Good morning, Netizens…
“Strange that one whom I have described hitherto as so timid and easily put upon should prove such a Tartar all of a sudden on the day of his marriage.” — From Samuel Butler's 1903 autobiographical novel The Way of All Flesh
“'Yes, Great-aunt Gert took us both under her wing.' He jerked his head toward the severe woman in the painting. 'My father's spinster aunt, a bold tartar of a woman who most people were frightened to death of.'” — From Anne Gracie's 2008 novel The Stolen Princess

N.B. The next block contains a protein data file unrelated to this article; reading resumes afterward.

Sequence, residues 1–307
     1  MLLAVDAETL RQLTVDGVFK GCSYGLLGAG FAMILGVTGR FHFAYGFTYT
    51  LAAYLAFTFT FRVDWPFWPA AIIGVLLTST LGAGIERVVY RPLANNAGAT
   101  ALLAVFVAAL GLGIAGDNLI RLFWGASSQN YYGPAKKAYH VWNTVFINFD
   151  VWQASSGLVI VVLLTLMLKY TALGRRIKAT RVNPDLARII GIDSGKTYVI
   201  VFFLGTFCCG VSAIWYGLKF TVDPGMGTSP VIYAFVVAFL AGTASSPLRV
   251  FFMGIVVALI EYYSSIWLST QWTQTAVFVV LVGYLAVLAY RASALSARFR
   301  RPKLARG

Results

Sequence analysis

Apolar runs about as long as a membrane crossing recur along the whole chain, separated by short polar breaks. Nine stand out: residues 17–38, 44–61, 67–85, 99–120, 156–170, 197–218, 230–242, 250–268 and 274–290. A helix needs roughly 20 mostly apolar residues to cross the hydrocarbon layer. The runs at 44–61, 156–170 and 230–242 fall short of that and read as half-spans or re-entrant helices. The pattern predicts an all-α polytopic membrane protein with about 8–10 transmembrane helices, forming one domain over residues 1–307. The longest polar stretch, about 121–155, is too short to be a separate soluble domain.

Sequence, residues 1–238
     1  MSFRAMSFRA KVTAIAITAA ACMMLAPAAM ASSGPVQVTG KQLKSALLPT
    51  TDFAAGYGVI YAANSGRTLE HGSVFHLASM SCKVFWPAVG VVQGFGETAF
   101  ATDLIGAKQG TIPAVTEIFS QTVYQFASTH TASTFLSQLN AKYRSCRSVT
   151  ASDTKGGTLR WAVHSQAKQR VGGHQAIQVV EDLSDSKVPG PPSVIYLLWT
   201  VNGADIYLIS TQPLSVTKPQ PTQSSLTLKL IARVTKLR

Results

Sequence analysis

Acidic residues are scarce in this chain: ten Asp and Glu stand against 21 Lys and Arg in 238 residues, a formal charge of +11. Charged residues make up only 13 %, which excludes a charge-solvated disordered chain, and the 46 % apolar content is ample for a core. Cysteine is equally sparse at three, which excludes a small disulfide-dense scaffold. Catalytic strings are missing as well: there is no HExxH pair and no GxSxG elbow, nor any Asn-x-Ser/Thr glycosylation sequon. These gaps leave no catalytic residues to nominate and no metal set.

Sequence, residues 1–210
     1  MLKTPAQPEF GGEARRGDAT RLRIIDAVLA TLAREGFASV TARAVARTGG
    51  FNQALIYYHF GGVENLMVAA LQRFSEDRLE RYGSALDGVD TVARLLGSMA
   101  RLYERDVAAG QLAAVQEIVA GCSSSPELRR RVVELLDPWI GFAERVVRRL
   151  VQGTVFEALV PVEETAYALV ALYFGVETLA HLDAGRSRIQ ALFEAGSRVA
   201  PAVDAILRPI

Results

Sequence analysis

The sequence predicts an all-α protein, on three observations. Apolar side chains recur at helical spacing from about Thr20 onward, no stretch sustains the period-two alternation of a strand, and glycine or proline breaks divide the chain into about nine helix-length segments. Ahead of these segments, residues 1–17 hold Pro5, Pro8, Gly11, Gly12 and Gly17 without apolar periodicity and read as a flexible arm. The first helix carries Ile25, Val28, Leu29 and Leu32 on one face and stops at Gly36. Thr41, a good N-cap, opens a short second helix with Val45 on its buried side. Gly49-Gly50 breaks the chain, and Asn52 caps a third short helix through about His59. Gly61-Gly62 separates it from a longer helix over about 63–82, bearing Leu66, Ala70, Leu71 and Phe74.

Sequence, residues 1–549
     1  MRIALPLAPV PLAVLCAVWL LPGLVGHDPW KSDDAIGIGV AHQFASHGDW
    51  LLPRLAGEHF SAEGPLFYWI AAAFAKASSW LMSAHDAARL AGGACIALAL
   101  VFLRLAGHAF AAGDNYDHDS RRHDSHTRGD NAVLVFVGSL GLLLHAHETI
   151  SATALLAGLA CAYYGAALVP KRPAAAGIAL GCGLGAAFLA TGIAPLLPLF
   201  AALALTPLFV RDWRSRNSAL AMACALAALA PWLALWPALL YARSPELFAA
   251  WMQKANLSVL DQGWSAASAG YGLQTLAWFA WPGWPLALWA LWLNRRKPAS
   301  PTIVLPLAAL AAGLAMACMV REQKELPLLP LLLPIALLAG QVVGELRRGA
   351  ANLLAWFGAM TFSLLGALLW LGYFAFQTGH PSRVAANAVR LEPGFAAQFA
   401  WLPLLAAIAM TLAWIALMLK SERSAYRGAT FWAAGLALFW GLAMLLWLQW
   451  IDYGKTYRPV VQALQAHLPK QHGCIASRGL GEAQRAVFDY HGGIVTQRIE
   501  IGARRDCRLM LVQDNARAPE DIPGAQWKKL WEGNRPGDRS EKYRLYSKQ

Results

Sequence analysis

Originally, their name was “Tatar,” not “Tartar.” Since at least the 1200s, the Tatar people have lived in Asia and Eastern Europe, and they were among the fiercest fighters of the Golden Horde of the Mongols. In the 13th century, they rode with Genghis Khan and became the terror of their day. Their name, “Tatar,” is believed to come from Persian or a Turkic language, but in Europe it was associated with “Tartarus,” the Latin name for the part of Hell reserved for the punishment of the wicked. Because of that association, English speakers began calling the Tatar people “Tartars.” Over time, “tartar” came to be used for anyone considered as ferocious or violent as the Tartar warriors who had once ransacked the ancient world.